Theater & art

Stages

A role that was waiting for its Baryshnikov

Shura Baryshnikov (right), with Bridge Repertory Theater artistic director Olivia D’Ambrosio at a “Salome” rehearsal.

Michele McDonald for The Boston Globe

Shura Baryshnikov (right), with Bridge Repertory Theater artistic director Olivia D’Ambrosio at a “Salome” rehearsal.

Bridge Repertory Theater artistic director Olivia D’Ambrosio says she’s wanted to direct Oscar Wilde’s tale of the provocative and destructive Salome for years, but waited until she found the dancer-actress who could do it justice.

She found her in Shura Baryshnikov, her teaching colleague at the Brown University/Trinity Repertory Company MFA program, who, in addition to her experience with modern dance companies, has theater and dance embedded in her DNA. As the daughter of actress Jessica Lange and dance superstar Mikhail Baryshnikov, Shura Baryshnikov says she grew up “deeply entrenched in the theatrical community.”

Advertisement

But the lead role in “Salome,” D’Ambrosio and Baryshnikov agree, is more nuanced than it first appears. The biblical story, in which Salome agrees to dance for lascivious stepfather Herod in exchange for the head of his prisoner John the Baptist, was adapted by Wilde into a potent one-act. It became famous for its dance of the seven veils and was censored for decades in England.

“It’s an epic, iconic story,” says D’Ambrosio during a rehearsal break for the production, which began preview performances Thursday at the First Church in the Back Bay. “But it’s essential that the actress playing Salome be a dancer. She’s not just a femme fatale doing a striptease for her stepdad. Salome needs to move through her world in a physically visceral way.”

Get Today's Headlines in your inbox:
The day's top stories delivered every morning.
Thank you for signing up! Sign up for more newsletters here

Baryshnikov says she was excited to take on the role since it was so dependent on movement. And she says her experience with improvisational dance has helped her find her way into the character.


“Salome’s movement is driven from a very impulsive place,” says Baryshnikov. “Her . . . motivation is not to be sexy, it’s to dance, and that becomes sexy.

“It’s a shocking situation,” she says. “On one moonlit night this young woman encounters love at first sight, is repulsed by her stepfather’s creepy demand that she dance for him, and in her performance she unleashes all her sadness, frustration and rage and exhaustion with the situation she’s found herself in.”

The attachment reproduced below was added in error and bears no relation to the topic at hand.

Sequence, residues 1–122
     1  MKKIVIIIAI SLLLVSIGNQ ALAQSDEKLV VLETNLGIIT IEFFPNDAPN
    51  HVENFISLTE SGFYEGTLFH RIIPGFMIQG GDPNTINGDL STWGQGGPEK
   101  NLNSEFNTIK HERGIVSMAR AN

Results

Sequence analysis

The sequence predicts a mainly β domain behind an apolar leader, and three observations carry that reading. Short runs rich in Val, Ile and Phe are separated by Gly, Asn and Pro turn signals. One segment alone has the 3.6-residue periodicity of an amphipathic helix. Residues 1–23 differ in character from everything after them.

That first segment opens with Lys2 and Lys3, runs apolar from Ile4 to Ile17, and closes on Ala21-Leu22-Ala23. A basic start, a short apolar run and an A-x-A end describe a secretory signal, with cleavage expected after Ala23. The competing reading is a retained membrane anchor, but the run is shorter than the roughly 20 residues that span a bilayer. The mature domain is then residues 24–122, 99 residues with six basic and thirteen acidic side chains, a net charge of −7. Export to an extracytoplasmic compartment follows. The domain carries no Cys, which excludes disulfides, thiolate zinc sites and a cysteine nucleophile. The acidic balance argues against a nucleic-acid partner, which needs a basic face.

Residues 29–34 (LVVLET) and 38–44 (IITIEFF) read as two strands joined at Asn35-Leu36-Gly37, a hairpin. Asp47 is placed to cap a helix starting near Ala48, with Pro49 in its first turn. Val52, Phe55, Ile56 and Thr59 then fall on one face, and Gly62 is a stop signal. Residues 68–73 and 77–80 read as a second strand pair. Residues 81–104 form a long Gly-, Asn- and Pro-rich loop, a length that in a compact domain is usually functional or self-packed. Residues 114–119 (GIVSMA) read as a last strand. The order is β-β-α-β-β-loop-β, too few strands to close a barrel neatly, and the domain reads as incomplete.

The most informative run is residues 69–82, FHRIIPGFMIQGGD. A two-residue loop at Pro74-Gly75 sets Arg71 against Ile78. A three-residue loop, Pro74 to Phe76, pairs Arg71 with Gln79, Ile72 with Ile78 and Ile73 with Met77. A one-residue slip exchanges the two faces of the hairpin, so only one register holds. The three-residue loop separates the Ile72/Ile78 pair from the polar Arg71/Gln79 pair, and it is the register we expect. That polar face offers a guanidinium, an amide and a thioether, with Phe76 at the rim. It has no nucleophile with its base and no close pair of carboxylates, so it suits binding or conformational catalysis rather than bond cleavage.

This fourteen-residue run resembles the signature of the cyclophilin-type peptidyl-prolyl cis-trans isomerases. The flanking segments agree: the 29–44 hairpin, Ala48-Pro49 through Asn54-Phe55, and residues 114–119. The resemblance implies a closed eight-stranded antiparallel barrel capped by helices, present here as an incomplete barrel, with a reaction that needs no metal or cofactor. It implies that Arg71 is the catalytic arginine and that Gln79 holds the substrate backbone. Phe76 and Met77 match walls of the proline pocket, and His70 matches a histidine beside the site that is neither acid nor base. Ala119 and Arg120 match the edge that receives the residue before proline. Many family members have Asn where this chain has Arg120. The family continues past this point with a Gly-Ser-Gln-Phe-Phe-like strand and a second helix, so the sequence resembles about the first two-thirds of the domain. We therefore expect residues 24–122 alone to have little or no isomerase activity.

Advertisement

Baryshnikov says she is choreographing her dance but is careful not to make the structure too formal.

“I’m trying to make the dance raw and experimental,” she says, “since this isn’t something Salome has planned. There are a lot of references to nature and the natural world, references to traditional dances and some ’60s-era moves, but it becomes her own vocabulary.”

D’Ambrosio says sound designer and composer Bevin Kelley is using a mix of ancient music, drumbeats, and references to hits of 1970.

“It’s an eclectic mix that I hope speaks to both the biblical tale and our setting in the First Church of Boston,” says D’Ambrosio. “The room we’re performing in is very 1970, and I wanted to take advantage of that. . . . [It] was such a pivotal point in time, after Woodstock and Stonewall, in the midst of the Vietnam War. It’s a moment of change and transformation, just as the arrival of John the Baptist is in the world of Herod and Salome.”

Baryshnikov says she’s excited by the opportunity to perform the title role after years of working in the ensemble, but when asked why it took so long to step center stage, she laughs.

“I guess I initially steered away from a life as a performer,” she says. “I got married young, and have been focused on raising my daughters. I’ve worked as an interior designer, a raw foods chef, and an arts administrator, but I’ve been working in the dance world for a while.”

Baryshnikov landed in Rhode Island when her husband was working on his PhD. Now divorced, she says all of her work has been built around her daughters’ schedules. Now that they are 10 and 12, she has a little more flexibility, although the rehearsal break included a check-in with the baby sitter.

“I was very lucky to grow up in an environment where I got to know some amazing performers, but it was important for me to find my own way,” she says. “This production felt like the right opportunity to combine both acting and dance.”

Salome

Play by Oscar Wilde. Directed by Olivia D’Ambrosio. Presented by Bridge Repertory Theater. At First Church, 66 Marlborough St., Boston, through Oct. 18. Tickets $32-$40, www.bridge rep.wordpress.com

Terry Byrne can be reached at trbyrne@aol.com.
Loading comments...
Real journalists. Real journalism. Subscribe to The Boston Globe today.